Sometimes when I check out other people’s code I see things that I never do when I program. Sometimes they are kind of cool and if I like it enough, it becomes part of my workflow. While looking at some code the other day I saw something that I have never seen before. Variables defined in a comma delimited list. Below is how I normally go about defining variables.
The above can also be defined shorthanded using a few less lines. It’s a little thing, but you end up not rewriting the variable declaration every time this way.
var red:uint, grn:uint, blu:uint;
var i:Number, f:Number, p:Number, q:Number, t:Number;
When externally loading a SWF, the file is casted to a MovieClip object. The top left position is preserved when it loads in but you lose a few things that could be helpful. First of all your background color is gone (As far as I know). This is the color that is set in the Properties panel in Flash or the SWF meta tag in Flex. The other thing is that the dimensions aren’t preserved either. If you trace the SWF file’s width and height it will return the width and height of content inside and not the bounding of the original SWF file. But there is somewhere that this information is preserved. Inside the LoaderInfo object. To obtain the size of the loaded object just write something like this. This short example is an example of snytax and is not actual functional code.
trace(extFile.loaderInfo.width + " " + extFile.loaderInfo.height);
There is the other information that the LoaderInfo object retains like actionscriptVersion and frameRate. A full list can be found in the reference guide. Like everything else AS3.
Today I was asked to fix a problem with an existing website where a FLV was stopping quarter way in its playback. This problem only occurred in IE 7 with Windows Vista. Every other browser seemed to work fine.
First step I took was to isolate the problem. I remade the FLV from source just to see that nothing like a cue point was in there that shouldn’t be. No dice. So I tried another FLV that I knew worked and sure enough it played all the way through. From there I opened Adobe Media Encoder and started getting creative with the encoding settings.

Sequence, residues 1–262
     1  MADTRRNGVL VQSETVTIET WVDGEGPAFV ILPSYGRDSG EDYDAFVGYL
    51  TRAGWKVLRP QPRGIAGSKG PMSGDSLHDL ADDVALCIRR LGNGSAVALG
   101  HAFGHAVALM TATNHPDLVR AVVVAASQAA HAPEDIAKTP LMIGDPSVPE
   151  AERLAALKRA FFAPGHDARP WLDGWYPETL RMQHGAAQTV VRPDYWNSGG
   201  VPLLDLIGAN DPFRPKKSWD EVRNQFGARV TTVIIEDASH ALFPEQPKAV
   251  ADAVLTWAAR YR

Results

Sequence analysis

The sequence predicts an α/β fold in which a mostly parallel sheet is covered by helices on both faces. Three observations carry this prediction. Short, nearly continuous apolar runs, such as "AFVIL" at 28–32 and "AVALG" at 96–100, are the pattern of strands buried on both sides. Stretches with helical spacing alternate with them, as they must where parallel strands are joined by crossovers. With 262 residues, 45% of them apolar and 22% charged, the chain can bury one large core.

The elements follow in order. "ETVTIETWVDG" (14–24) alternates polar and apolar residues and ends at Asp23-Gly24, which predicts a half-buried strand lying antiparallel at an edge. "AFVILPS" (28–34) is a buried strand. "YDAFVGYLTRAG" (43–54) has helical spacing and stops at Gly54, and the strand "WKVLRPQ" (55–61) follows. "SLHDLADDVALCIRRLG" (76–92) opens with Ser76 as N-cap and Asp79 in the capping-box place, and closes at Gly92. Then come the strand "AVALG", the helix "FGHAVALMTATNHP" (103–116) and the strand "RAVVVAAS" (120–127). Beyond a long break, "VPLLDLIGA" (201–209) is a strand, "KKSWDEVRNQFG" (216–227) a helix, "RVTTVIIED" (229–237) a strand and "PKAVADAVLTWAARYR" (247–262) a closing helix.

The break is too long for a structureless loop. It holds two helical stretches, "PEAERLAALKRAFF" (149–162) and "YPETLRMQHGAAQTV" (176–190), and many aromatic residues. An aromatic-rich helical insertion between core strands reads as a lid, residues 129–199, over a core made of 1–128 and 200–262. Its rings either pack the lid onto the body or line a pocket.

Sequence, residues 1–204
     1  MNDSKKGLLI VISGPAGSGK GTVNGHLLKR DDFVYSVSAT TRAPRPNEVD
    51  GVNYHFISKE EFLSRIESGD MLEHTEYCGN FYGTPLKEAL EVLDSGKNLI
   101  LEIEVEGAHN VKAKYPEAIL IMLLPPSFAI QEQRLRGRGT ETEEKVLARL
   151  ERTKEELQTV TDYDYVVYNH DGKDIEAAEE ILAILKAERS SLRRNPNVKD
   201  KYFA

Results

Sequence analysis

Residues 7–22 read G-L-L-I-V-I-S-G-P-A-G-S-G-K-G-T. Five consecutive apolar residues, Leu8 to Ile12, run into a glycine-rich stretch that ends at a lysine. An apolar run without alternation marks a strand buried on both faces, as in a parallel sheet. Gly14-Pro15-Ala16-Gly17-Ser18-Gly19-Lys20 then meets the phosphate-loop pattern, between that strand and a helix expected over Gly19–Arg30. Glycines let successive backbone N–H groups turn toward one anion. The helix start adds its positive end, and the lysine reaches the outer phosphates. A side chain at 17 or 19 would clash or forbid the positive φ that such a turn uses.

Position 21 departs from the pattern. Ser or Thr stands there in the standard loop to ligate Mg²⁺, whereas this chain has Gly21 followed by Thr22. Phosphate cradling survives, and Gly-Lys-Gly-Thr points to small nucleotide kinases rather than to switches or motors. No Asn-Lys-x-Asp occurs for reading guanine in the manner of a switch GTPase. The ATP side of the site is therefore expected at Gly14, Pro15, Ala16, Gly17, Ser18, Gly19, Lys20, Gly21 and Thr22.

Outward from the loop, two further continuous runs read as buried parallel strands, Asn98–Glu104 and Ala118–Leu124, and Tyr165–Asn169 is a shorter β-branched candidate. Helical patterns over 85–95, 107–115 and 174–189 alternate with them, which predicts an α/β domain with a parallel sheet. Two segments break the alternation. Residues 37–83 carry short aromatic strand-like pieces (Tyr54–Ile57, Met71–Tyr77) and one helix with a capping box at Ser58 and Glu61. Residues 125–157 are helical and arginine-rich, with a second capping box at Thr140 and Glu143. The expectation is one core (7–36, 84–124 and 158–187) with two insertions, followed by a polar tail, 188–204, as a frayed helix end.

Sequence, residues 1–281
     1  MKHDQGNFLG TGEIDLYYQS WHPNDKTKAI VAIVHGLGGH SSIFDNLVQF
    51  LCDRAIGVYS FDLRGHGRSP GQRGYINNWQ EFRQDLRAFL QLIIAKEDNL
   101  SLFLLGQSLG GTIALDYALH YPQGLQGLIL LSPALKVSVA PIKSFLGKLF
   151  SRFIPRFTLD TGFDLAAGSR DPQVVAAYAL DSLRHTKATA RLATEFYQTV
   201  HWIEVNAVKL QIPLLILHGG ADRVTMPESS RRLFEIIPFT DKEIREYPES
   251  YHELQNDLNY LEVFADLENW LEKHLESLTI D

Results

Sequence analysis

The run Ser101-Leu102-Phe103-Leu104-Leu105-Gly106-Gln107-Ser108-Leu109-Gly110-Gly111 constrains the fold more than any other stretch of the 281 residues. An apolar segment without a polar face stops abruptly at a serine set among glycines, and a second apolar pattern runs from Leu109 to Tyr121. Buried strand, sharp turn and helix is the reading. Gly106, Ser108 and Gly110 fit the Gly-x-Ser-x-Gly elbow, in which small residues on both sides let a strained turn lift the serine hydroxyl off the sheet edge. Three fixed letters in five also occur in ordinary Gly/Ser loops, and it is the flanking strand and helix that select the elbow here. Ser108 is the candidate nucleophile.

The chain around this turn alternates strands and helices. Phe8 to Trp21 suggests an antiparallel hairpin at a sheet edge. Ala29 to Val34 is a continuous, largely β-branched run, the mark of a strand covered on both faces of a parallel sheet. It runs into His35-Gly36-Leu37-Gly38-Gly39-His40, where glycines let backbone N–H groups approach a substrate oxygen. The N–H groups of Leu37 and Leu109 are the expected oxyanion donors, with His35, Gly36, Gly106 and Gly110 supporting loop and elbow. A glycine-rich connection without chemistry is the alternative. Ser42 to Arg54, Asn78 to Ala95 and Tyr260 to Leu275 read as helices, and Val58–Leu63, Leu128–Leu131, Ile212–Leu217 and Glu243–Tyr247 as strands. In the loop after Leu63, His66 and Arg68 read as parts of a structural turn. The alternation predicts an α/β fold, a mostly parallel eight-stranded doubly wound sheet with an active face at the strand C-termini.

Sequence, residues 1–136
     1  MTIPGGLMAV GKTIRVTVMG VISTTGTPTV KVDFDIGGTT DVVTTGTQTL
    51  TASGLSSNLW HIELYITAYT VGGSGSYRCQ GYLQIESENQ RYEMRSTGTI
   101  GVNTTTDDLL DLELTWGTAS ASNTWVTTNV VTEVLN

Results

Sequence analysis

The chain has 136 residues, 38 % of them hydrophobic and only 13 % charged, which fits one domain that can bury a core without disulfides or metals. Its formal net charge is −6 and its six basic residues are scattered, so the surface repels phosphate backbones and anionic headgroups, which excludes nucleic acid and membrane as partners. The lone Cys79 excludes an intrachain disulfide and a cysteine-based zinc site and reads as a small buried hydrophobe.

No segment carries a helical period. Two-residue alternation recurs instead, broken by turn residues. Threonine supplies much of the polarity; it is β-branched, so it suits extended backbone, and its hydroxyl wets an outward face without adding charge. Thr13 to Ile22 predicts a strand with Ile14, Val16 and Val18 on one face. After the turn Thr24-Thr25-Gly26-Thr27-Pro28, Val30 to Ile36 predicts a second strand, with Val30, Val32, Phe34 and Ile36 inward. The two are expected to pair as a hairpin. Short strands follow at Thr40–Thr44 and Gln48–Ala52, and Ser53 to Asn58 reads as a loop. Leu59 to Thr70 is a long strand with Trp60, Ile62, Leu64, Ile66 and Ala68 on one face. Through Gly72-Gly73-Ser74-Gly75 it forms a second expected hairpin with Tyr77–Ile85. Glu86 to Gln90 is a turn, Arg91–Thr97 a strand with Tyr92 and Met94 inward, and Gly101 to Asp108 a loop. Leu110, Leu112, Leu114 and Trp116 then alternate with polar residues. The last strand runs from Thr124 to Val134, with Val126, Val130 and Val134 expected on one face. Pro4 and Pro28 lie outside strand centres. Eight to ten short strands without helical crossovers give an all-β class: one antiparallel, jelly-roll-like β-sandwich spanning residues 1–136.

I tried it without audio and it played all the way through. That made sense, because the one that I tested with didn’t have audio either. So the problem was now isolated to an audio problem. Some forums had vaguely familiar sounding fixes, but nothing solid that worked for me. Once again I changed bitrate and channel settings for the FLV sound. No dice. The audio options for FLV are pretty limited and I was running out of things to test for. So I thought about who does this kind of thing successfully all day; they must have a process. I figured that if anyone was encoding things right it was probably YouTube.
I checked YouTube and using this Safari trick grabbed the FLV file that YouTube generates. In my test, the YouTube video worked in IE 7 with Vista. I opened the FLV in QuickTime player. You can only do this if you have a plugin like Perian installed. I checked the movie properties. It was H.264/AAC audio. Even the CS4 Media Encoder can’t make an FLV like that. The options are only Sorenson Spark or On2 VP6. It can make a F4V this way, whatever the hell that is. In any event, that F4V had the settings that I needed, so I encoded one of those. No dice. FLV player wouldn’t play a F4V. The hillbilly in me figured I’ll just change the extension. Why the fuck not? Holy shit, it worked.
So, if you want to make an FLV file that is H.264, just make a F4V file with Adobe Media Encoder and then change the file extension.